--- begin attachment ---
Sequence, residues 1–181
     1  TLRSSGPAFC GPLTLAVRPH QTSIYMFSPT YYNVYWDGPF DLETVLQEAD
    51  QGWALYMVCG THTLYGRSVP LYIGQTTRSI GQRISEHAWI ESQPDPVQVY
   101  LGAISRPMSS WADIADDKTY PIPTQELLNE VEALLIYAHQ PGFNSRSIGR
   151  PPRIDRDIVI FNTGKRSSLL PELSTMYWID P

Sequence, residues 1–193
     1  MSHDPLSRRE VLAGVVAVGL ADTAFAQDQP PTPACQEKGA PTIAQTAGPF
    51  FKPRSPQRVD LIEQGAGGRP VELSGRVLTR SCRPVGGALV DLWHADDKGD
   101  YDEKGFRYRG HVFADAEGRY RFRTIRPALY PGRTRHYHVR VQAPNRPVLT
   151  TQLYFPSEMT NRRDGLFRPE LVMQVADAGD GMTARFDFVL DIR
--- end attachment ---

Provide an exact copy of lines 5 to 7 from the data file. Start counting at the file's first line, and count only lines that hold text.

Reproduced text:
   151  PPRIDRDIVI FNTGKRSSLL PELSTMYWID P

Sequence, residues 1–193
     1  MSHDPLSRRE VLAGVVAVGL ADTAFAQDQP PTPACQEKGA PTIAQTAGPF